The headsets measured the brain’s electrical signals and sent out waves received by a computer linked to lighting systems for the three landmarks thousands of kilometres away.
After some retooling, the team would develop the Muse, which came to market in the fall of 2014 and is now carried by Best Buy.
Muse is getting heavy attention from more than 100 research and scientific institutions, including the Mayo Clinic. Researchers there are investigating the use of Muse to decrease the stress of breast cancer patients awaiting surgery.
Muse is being used as a tool elsewhere in work related to post-traumatic stress disorder, attention deficit disorder, anxiety and pain management.
Science and art in her DNA
Not many 17-year-olds perform DNA analysis while developing a fashion line.
“My entire life I’ve done art and science simultaneously,” Garten says. “This has always been the dichotomy of my life.
She is the daughter of two accomplished parents — her mother is well-known artist Vivian Reiss, and her father is Irving Garten, who made his name investing in real estate and restoring historic properties. (In 1998 the Star carried a short story that said there are two kinds of Torontonians: those who get invited to Reiss and Garten’s parties, and those who only read about them.)
Ariel Garten’s story is as much about science and technology as it is about style and self-awareness.
When she graduated from Grade 12 at Toronto’s Northern Secondary School, Garten says, she was proficient in DNA analysis and synthesis, having gone through the institution’s biotechnology program.
That enabled her to work as a teenager in a lab at the Samuel Lunenfeld Research Institute, a leading biomedical research centre at Mount Sinai Hospital, where Garten dealt with embryonic stem cells.
At the same time she established a line of what she calls “edgy” clothing that she sold to stores on Queen St. W. and in New York.
Garten graduated from the University of Toronto in 2002 with a degree in biology and psychology with a neuroscience designation, and that year opened a clothing store on College St. called Flavour Hall.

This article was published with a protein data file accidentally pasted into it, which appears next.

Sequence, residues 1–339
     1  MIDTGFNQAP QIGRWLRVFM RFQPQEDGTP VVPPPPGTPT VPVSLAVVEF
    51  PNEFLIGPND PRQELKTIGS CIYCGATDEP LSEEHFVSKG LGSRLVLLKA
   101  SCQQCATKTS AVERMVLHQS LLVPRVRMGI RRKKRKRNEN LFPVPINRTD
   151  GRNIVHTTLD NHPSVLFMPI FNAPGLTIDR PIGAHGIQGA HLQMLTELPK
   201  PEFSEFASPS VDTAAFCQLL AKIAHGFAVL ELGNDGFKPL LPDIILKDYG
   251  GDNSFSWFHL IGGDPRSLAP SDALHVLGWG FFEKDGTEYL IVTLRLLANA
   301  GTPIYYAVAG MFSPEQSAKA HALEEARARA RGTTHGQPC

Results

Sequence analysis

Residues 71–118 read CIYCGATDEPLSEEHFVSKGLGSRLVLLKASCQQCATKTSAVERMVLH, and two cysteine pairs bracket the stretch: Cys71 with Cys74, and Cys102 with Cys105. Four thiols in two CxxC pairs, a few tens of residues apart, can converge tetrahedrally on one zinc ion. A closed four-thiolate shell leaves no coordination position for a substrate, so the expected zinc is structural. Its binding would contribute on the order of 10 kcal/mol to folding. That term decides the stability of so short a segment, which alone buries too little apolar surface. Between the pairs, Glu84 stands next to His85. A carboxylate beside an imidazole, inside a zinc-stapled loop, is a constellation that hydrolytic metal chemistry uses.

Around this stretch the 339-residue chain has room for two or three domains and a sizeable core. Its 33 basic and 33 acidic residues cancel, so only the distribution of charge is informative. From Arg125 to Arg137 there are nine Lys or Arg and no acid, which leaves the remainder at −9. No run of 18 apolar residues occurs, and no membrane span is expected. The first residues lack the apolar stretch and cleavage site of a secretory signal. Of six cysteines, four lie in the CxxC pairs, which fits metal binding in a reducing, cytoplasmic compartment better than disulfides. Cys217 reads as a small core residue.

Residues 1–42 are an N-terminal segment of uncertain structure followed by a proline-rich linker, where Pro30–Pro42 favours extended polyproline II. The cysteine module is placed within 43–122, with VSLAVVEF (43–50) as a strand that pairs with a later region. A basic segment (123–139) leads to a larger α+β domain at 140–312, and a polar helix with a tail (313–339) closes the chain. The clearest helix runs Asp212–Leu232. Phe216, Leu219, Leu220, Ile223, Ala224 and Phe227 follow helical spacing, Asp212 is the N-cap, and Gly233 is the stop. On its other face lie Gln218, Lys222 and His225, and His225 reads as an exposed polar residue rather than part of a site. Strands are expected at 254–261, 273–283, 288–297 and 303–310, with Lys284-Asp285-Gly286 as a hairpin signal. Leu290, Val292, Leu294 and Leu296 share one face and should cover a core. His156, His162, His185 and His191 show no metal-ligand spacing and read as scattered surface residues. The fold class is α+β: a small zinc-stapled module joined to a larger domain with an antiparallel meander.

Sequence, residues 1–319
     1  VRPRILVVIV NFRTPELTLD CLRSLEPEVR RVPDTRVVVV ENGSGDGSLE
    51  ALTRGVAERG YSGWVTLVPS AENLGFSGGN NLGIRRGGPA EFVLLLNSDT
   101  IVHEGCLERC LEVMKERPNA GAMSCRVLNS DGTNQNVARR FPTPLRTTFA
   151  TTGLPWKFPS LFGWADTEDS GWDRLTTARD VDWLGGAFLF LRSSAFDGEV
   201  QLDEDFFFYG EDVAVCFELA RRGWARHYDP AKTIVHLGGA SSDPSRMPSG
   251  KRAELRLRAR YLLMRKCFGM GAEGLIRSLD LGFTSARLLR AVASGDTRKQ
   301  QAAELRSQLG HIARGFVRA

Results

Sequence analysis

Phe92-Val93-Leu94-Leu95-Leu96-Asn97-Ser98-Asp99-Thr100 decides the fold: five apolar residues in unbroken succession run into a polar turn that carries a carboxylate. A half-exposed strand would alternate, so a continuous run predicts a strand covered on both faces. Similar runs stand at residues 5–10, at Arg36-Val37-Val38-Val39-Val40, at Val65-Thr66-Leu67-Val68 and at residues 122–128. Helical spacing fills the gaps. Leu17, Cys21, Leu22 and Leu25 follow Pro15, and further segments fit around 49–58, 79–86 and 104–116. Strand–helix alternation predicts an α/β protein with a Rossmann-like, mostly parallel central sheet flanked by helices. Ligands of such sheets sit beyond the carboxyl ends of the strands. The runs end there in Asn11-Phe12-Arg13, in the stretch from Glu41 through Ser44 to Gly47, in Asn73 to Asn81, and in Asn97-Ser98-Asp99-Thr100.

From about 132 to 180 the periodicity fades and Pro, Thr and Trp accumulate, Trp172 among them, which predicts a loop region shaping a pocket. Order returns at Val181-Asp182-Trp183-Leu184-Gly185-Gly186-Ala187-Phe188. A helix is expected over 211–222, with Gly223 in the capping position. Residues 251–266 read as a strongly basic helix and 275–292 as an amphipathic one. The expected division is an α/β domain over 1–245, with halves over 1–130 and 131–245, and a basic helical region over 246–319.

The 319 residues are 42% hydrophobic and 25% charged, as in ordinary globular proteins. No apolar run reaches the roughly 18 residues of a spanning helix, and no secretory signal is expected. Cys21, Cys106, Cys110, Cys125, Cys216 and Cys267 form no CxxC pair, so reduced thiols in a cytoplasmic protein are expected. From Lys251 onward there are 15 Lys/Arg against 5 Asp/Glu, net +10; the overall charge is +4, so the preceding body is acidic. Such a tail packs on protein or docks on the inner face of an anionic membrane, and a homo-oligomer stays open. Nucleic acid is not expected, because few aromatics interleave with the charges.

Revenues weren’t huge, she says, but she wasn’t losing money either. She was getting ample media coverage and was a staple in the city’s annual Fashion Week events.
Garten says she inherited her creative bent from her mom. In an email, Reiss says that as a mother — she also has a son, Joel Garten, now 34 — she let her children choose their own direction in life. “I didn’t send my children to nursery school or junior kindergarten. I felt they were too young to be regimented, so instead I let them create their own paths, which is exactly what Ariel has done.
“As a child, Ariel would watch me paint: a painting begins on a blank canvas and then a whole world of imagination comes alive on that canvas. I always told Ariel she could do the same — if she dreamed of something, it could become tangible …
“Ariel was bold, mature, artistic and grasped concepts quickly. Her career path doesn’t surprise me in the least.”
Garten is also driven by a desire to make a difference, says Coleman, the InteraXon co-founder. She was “making sure that we were building an organization and a product that would contribute positively in the world, and improve people’s everyday lives.”
Garten is four months pregnant with her first child. She’s married to animator and game developer Chris de Castro, 36, who recently created a video game based on Toronto’s Trinity Bellwoods Park.
Garten says her goal is to help people reach a state of “glorious calm” with Muse, something that could be invaluable for her, too, in the months ahead.